Buy your business property
An SMSF is allowed to invest in, or buy your business premises, provided it is used wholly and exclusively for the business. 
Benefit in the super tax environment
Because contributions and investments in the fund are preserved until retirement, they enjoy the beneficial superannuation tax regime. Should the fund hold an asset longer than one year and then sell it, CGT drops from 15% of the gain down to 10%, and if sold in pension phase, CGT is zero. 
Borrow to buy property
SMSFs can borrow to acquire a property as long as:
  • The money is borrowed to buy an accepted asset
  • The asset is held on trust so the fund acquires a beneficial interest in it
  • The SMSF has a right to acquire legal ownership of the asset by making payments after acquiring the beneficial interest
  • There is limited recourse (the rights of the lender against the SMSF for default on the sum of the borrowing and related charges are limited to the asset)
Borrowing to buy property 
Borrowing to buy property
Source: Graeme Colley, OnePath, and Peter Burgess, SPAA, presentation on Using SMSFs borrowing to invest in property.
Self-managed superannuation funds are fast becoming a popular option for investing in property, but let’s get one thing straight: there are better things to research on a Sunday afternoon.  
For many people, the sheer amount of information on the topic is so overwhelming, that it’s a sure cure to insomnia. That’s its biggest challenge. Like a soft-spoken, mono-syllabic teacher at school, the problem isn’t that the information is difficult to understand – it’s the presentation.  
With this in mind, Your Investment Property brings you a concise, easy to understand guide to what is, in actuality, a very exciting way to build a property portfolio. So before you let the mere mention of SMSF investing coerce you into more exciting activities like washing dishes or that three hour TV special on the history of the ballpoint pen – consider the wisdom right in front of you, gleamed from top investment experts.  
Which investors suit it?
Wealth advisory agencies that specialise in SMSF might have brochures showing jolly pensioners and cute couples with their Frisbee catching Labradors – all proclaiming how SMSFs are the ultimate in property investing – but don’t believe a word of it.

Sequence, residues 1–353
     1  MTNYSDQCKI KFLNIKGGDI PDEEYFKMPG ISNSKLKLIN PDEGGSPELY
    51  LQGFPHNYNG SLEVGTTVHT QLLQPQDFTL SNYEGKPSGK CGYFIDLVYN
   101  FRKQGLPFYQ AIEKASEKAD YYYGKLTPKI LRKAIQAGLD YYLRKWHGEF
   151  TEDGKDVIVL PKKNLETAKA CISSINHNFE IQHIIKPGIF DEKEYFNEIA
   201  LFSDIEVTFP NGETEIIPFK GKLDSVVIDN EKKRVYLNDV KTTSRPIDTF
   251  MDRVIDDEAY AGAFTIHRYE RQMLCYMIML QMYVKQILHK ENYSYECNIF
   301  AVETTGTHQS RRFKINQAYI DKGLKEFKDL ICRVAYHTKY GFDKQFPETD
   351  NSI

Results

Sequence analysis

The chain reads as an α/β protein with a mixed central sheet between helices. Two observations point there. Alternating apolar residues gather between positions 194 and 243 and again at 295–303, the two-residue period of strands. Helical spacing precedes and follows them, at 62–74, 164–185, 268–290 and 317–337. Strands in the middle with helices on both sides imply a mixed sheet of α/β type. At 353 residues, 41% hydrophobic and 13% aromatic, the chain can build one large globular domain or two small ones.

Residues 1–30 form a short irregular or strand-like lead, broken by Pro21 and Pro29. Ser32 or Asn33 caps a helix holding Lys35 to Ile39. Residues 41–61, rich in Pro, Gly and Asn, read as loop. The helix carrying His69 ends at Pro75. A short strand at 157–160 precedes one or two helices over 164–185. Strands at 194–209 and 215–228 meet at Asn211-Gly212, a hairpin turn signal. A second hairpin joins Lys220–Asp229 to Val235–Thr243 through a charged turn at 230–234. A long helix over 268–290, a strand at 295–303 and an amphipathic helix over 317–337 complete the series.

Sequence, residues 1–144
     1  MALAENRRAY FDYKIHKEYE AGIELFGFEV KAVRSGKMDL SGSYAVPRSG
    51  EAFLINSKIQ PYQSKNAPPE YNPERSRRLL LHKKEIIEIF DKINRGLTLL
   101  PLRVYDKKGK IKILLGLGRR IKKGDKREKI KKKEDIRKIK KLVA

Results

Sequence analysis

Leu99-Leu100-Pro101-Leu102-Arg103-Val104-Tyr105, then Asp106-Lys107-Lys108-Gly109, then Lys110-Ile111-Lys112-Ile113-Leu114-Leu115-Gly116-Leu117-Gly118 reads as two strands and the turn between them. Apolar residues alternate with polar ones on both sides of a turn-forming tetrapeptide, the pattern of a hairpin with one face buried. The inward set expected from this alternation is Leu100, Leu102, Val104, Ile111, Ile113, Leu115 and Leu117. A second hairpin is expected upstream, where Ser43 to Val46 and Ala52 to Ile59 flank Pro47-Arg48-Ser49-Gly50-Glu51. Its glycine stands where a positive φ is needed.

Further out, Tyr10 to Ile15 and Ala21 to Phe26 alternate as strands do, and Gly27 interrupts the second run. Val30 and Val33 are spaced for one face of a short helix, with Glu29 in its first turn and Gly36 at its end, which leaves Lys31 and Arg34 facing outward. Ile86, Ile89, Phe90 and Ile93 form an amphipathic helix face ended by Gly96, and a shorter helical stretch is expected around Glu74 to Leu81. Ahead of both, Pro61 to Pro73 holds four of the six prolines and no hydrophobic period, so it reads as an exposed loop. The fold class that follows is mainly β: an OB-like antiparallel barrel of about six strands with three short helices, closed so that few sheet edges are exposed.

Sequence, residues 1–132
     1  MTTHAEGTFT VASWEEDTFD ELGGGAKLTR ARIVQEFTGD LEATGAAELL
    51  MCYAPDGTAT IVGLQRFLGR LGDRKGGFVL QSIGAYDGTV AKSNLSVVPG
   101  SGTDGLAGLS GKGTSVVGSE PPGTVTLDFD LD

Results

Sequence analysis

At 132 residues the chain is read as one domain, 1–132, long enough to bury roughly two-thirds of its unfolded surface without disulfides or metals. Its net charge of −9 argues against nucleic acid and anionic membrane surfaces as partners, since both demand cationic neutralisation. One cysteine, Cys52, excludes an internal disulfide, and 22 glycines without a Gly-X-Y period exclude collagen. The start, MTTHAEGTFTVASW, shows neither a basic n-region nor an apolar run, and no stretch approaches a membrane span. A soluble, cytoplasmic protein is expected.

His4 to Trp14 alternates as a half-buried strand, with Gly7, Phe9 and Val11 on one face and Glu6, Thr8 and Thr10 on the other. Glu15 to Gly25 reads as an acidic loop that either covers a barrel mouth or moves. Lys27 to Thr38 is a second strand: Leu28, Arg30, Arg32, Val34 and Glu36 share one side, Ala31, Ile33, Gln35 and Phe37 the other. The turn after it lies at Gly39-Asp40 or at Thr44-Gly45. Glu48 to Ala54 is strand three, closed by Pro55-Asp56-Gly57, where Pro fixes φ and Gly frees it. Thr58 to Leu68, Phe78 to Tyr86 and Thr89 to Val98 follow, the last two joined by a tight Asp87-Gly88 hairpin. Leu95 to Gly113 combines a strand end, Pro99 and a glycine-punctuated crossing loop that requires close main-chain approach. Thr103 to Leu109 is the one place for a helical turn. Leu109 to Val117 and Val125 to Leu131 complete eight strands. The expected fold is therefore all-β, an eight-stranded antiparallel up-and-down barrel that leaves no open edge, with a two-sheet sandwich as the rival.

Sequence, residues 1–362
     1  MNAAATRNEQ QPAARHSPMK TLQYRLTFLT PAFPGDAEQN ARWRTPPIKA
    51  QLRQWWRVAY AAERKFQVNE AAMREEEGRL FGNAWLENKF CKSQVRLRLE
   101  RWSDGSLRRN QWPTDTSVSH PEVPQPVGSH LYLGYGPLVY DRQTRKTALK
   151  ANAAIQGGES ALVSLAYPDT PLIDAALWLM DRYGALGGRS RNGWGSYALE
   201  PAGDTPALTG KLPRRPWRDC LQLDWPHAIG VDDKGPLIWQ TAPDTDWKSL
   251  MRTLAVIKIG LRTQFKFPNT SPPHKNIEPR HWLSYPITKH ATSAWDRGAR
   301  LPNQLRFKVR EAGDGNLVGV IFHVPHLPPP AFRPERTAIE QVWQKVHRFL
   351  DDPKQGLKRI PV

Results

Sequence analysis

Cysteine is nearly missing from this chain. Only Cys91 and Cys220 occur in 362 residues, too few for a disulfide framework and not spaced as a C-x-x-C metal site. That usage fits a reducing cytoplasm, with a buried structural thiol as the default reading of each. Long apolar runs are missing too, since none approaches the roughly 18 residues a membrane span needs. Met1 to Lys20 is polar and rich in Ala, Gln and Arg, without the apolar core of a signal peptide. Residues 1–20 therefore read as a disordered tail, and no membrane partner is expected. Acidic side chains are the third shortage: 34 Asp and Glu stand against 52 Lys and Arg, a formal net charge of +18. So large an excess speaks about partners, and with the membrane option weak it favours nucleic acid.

Investing in property with a SMSF is not for everyone. In the opinion of Graeme Colley, national technical manager of investment advisor OnePath, it is best suited to people who have already built up a significant amount of capital in superannuation. 
“People in their late 40s to late 50s might find that they are best suited to investing in property with a SMSF,” he says. “By that age, they’ve probably accumulated enough capital in the fund to consider purchasing. On the other hand, those who are about to retire or have already retired should work out if it’s still a good idea. If they need to draw a lot of money out of the fund for property, it could severely limit their pensions.”
Other people who should probably steer clear of using a SMSF to invest in property are those who are not familiar with property as an investment, Colley adds. “These days, property markets are a lot more volatile than they have been in the past and investors who already have some experience purchasing property outside of a SMSF will have an advantage.”
Colley says that investors who are in business or operate small businesses might also be a lot more comfortable using a SMSF as a vehicle to buy property. They will be used to having structures put around their businesses and will not feel as daunted with some of the similar procedures they will be required to go through to set a SMSF up.